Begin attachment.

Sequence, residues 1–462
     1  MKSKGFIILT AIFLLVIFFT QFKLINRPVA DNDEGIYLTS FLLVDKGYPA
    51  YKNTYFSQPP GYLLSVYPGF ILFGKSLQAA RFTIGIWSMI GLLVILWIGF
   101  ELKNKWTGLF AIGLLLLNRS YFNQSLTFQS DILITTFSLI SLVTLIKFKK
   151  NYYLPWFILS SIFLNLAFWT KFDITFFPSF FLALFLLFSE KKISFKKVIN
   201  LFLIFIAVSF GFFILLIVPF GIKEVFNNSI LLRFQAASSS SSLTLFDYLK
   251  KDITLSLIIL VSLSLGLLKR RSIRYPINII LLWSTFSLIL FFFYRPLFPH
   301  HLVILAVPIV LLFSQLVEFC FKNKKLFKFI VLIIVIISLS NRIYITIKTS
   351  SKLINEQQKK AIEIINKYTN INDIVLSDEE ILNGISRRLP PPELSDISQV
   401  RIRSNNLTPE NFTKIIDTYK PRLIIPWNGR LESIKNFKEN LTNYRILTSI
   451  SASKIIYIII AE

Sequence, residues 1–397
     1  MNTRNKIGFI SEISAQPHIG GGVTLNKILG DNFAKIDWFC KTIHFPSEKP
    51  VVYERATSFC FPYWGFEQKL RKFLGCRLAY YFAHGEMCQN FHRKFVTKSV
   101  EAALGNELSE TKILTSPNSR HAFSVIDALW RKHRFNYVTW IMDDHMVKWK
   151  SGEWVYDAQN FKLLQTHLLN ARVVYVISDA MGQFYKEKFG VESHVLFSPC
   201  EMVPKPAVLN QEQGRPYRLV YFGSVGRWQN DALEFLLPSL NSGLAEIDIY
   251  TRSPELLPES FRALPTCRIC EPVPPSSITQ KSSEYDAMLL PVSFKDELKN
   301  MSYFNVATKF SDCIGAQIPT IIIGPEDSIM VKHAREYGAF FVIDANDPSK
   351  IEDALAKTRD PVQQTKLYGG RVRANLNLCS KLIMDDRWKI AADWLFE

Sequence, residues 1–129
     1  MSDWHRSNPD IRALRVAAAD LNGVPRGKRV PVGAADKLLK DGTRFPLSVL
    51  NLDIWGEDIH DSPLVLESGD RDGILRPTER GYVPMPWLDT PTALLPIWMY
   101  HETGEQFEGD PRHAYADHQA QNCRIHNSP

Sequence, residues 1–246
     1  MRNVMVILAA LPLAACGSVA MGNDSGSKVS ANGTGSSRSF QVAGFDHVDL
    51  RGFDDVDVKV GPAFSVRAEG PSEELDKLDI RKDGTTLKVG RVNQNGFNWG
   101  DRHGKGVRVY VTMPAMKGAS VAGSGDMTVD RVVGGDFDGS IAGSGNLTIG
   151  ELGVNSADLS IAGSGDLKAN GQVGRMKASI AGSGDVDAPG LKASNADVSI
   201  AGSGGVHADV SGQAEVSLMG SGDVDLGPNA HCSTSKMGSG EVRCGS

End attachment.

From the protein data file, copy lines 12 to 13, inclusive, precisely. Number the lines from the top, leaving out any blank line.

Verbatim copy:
Sequence, residues 1–397
     1  MNTRNKIGFI SEISAQPHIG GGVTLNKILG DNFAKIDWFC KTIHFPSEKP